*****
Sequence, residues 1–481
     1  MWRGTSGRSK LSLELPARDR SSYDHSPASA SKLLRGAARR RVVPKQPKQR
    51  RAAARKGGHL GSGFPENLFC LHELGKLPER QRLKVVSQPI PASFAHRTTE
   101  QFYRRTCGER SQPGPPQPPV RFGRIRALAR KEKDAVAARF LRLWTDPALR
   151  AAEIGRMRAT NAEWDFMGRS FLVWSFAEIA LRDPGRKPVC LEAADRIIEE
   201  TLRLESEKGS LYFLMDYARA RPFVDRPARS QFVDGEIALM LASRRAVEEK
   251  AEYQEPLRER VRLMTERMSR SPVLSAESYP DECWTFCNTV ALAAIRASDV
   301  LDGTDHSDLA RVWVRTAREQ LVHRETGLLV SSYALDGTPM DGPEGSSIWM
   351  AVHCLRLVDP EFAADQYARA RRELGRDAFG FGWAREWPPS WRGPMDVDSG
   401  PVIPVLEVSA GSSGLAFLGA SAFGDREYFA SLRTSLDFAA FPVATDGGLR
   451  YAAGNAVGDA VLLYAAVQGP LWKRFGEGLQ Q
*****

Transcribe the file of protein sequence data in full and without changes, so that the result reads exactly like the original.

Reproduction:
Sequence, residues 1–481
     1  MWRGTSGRSK LSLELPARDR SSYDHSPASA SKLLRGAARR RVVPKQPKQR
    51  RAAARKGGHL GSGFPENLFC LHELGKLPER QRLKVVSQPI PASFAHRTTE
   101  QFYRRTCGER SQPGPPQPPV RFGRIRALAR KEKDAVAARF LRLWTDPALR
   151  AAEIGRMRAT NAEWDFMGRS FLVWSFAEIA LRDPGRKPVC LEAADRIIEE
   201  TLRLESEKGS LYFLMDYARA RPFVDRPARS QFVDGEIALM LASRRAVEEK
   251  AEYQEPLRER VRLMTERMSR SPVLSAESYP DECWTFCNTV ALAAIRASDV
   301  LDGTDHSDLA RVWVRTAREQ LVHRETGLLV SSYALDGTPM DGPEGSSIWM
   351  AVHCLRLVDP EFAADQYARA RRELGRDAFG FGWAREWPPS WRGPMDVDSG
   401  PVIPVLEVSA GSSGLAFLGA SAFGDREYFA SLRTSLDFAA FPVATDGGLR
   451  YAAGNAVGDA VLLYAAVQGP LWKRFGEGLQ Q